Touching the Foam
by David Brookes
|part 2 of 5|
When she was woken by the disturbances in the ship’s flight pattern, she was alone. The ship’s illumination was designed to emulate solar phases on Earth and was now ten-in-the-morning bright. There was a crease in the bed where the Alex-Companion had been sleeping. Presumably he’d felt his inbuilt timer calling to him and had returned to the organics lab to dissolve into his slushy components, to be eventually reconstituted into plants for oxygen or food.
Charlotte called to the AI. ‘What day is it? Why can’t I ever remember what day it is?’
‘It’s Thursday,’ the AI replied soothingly. ‘Happy Thursday, Charlotte!’
‘Don’t say stuff like that. Why is everything vibrating?’
‘The whole ship!’ she shouted, yanking on some clothing.
She was sticky under her arms with sweat and between her thighs with something else; the Companions were biologically accurate down to the smallest detail, but there would never be any worry about pregnancy. Charlotte dragged a stretchy shirt over her head as she stormed down the corridors to the command sector.
‘Why is the whole ship vibrating!?’ she yelled.
‘It’s only a minor disturbance.’
‘It’s not normal!’
‘It’s barely registering,’ the AI informed her calmly. ‘Come on.’
‘Don’t tell me to “come on.” Tell me what the problem is! Is the drive still working? Is there hull damage — can we even hit debris when we’re within the warp sphere?’
‘Okay. I don’t know. Yes. No. No,’ the AI said, answering all of her questions in sequence. ‘Don’t worry, the only cause for this sort of disturbance is uneven quantum foam in this region of space.’
‘What could cause that?’
‘Proximity to a singularity or large astral body, maybe. But the course was set out and there won’t be anything in our path for about a year’s worth of travel, and that’s a distance of about one-point-two light years with the drive active. We’re going spectacularly fast today, picking up speed every second.’
‘Send out a probe,’ Charlotte ordered. She was already at the command sector and getting into her useless chair, in front of the console she would never need to operate. ‘Find out if there’s anything nearby.’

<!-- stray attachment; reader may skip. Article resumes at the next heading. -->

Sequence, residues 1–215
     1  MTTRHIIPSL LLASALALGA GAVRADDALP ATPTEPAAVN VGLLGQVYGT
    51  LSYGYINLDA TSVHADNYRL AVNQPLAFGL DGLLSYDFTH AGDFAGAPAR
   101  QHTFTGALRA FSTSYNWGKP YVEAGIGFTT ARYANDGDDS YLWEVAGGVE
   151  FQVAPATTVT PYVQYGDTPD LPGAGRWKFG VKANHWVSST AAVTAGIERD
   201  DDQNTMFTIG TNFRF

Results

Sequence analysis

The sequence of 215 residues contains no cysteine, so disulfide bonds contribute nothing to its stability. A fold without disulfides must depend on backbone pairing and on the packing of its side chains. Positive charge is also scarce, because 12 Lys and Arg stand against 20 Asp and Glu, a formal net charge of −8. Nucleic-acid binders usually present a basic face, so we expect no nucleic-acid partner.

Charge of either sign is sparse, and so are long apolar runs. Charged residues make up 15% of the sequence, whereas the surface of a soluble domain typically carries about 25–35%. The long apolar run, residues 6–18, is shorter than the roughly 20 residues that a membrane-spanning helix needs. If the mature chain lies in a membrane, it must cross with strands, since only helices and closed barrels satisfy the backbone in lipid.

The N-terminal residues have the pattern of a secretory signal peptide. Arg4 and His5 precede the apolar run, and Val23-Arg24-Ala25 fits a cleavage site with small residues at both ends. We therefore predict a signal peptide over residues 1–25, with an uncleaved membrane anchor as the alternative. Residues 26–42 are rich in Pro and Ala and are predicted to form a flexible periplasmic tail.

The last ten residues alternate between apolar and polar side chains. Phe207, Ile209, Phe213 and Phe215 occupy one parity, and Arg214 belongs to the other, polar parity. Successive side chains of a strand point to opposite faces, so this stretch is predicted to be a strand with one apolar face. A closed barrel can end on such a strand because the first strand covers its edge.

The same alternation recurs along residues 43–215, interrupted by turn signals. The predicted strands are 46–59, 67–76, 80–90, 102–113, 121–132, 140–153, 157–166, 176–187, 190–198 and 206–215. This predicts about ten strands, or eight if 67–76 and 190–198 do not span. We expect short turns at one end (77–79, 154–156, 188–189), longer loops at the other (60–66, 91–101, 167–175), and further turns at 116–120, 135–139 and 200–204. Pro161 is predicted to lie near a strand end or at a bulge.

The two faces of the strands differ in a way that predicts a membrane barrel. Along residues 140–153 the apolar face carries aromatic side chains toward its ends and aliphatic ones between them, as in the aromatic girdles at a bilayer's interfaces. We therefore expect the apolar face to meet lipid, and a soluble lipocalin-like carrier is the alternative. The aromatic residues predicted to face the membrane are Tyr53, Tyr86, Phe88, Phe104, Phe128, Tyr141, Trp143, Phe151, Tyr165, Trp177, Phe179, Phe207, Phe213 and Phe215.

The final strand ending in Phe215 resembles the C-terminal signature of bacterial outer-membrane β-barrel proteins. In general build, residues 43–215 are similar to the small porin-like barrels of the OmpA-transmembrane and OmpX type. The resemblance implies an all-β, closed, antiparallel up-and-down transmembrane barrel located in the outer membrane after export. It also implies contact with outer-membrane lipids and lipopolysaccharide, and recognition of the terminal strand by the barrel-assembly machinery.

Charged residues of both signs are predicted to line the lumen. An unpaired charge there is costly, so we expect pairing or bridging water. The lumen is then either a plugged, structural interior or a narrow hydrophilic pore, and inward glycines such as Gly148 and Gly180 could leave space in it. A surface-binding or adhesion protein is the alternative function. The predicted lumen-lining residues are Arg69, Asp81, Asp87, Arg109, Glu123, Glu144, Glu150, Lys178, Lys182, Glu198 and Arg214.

‘I’ll have to fire it outside of the warped area of space/time. Even using the rail tech we’ll catch up with it almost instantly, but it’s worth a shot.’
‘Then go on!’
‘Launching probe now. Probe’s back. There’s nothing there. It’s just a bumpy area in the foam, that’s all, I can guarantee it. For God’s sake, don’t worry.’
‘Don’t tell me not to worry, Louise, I’m only...’
She broke off, realising what she had called the AI. The AI hadn’t seemed to notice. Sometimes Charlotte forgot that it was only a piece of software, pretending to have emotions and a sense of humour.
‘There’s nothing to worry about,’ it said. ‘Go back to bed.’
Charlotte, suddenly close to tears for no reason she could put her finger on, felt an unexpected weariness descend upon her. She’d been up late, and had been tossing and turning in bed for the few hours before she’d woken up. She never slept well alone.
‘Make me another Alex,’ she told the AI quietly, already making her way back to her apartment. ‘Use the same components, it’s quicker.’
‘I can make you another Companion, but I can’t construct it from the same organic materials, I’m afraid. The last one hasn’t fully broken down yet.’
‘What do you mean? It left me hours ago. The dissolution only takes thirty minutes.’
‘What can I say?’ the AI asked. Charlotte examined the closest speaker, despairing at the change in the AI’s vocabulary.
‘Is there something wrong with you?’
There was a brief moment of silence.
‘There may be,’ the AI said, and then refused to answer any more of her questions.
* * *
There was no alone-time on a ship with an AI. Even if it was busy elsewhere, even if it wasn’t speaking and its thoughts couldn’t be heard rattling around the conduits, Charlotte knew that it was there in every wire in the ship. She supposed that on a mission this important her every move was being recorded, her every word. If they had the tech she didn’t doubt that they would have recorded her thoughts as well, filing them away for future consultation. People often went crazy on long-term solo missions.
That was why she needed her space, her peace and quiet, and the reason she felt just a little bit crazy was because she couldn’t get it on a ship with an AI. It was everywhere, even if it was hiding itself or giving her the illusion that it wasn’t checking up on her every now and again.
Charlotte’s apartment had been reasonably decorated by the time the ship had taken off. It wasn’t exactly to her taste — what did military R&D engineers know about a woman’s tastes? — but it wasn’t bad and it was easy to relax. There was a row of paper books on a shelf, book-ended by a pair of spherical low-wattage lamps. A screen in the corner displayed any data files, films or video games she wanted to load up, and at other times would display an image like an open window looking out onto a meadow, or anything that she chose.